(Photo by Chip Somodevilla/Getty Images)

Stephen Miller, White House Senior Advisor for Policy

Jason Miller
Former White House Press Secretary Sean Spicer
Eric Trump
Donald Trump Jr.
Ivanka Trump
White House Senior adviser Jared Kushner
Executive assistant to Donald Trump Rhona Graff
White House Communications Director Hope Hicks
Former Trump campaign manager Corey Lewandowski
US Vice President Mike Pence
Katrina Pierson
K.T. McFarland
Former White House Communications Director Anthony Scaramucci

But this Sunday on "Meet The Press," Schiff, D-Calif., told host Chuck Todd, "I was surprised to see Director Clapper say that because I don't think you can make that claim categorically as he did. I would characterize it this way at the outset of the investigation: There is circumstantial evidence of collusion. There is direct evidence, I think, of deception and that's where we begin the investigation."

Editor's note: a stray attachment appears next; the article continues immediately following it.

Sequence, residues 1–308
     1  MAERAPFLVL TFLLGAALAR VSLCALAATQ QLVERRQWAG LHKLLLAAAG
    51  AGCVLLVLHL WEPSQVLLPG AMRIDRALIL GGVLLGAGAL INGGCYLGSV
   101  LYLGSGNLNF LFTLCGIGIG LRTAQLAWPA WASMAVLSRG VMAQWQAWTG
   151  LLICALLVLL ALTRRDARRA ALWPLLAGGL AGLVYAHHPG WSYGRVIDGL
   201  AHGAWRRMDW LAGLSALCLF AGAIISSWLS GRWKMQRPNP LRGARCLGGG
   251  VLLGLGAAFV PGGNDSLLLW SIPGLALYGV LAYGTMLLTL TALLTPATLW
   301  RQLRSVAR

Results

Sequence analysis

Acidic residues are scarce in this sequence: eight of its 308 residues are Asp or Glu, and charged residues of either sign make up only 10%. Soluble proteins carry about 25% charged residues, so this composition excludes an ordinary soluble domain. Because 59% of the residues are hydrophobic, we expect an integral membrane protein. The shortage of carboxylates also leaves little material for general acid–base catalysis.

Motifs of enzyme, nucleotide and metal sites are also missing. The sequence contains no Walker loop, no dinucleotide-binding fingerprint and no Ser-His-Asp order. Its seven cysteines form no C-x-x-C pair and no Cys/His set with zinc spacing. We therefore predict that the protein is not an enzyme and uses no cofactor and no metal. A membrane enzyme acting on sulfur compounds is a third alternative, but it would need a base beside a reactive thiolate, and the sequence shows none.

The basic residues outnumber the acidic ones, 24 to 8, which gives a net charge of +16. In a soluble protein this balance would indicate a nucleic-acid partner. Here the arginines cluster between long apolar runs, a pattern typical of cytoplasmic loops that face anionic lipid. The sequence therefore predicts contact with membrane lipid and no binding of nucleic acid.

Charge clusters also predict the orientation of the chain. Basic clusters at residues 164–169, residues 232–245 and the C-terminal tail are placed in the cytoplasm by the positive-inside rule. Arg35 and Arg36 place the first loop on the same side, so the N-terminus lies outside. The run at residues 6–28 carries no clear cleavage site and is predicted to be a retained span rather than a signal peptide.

Schiff is the ranking Democratic member on the House Permanent Select Committee on Intelligence.

"There is certainly enough for us to conduct an investigation," he added. "The American people have a right to know and in order to defend ourselves, we need to know whether the circumstantial evidence of collusion and direct evidence of deception is indicative of more."

Rep. Devin Nunes, R-Calif., the chair of the House Intelligence Committee, seemed to contradict this, repeating on Fox News Sunday that he hasn't seen any evidence of collusion between Russians and Trump associates.

"I'll give you a very simple answer: 'No,'" he said. "Up to speed on everything I have up to this morning, there's no evidence of collusion."

On Monday, the House Intelligence Committee will hold a hearing on Russian attempts to interfere with the 2016 election. Schiff noted that the committee's inquiry has a broad scope examining various techniques and methods Russia used.

"I think people need to understand we are in a global war of ideas," Schiff said. "It's not communism versus capitalism but it is authoritarianism versus democracy and Putin is very much at the vanguard of that autocratic movement, and that ought to concern all of us."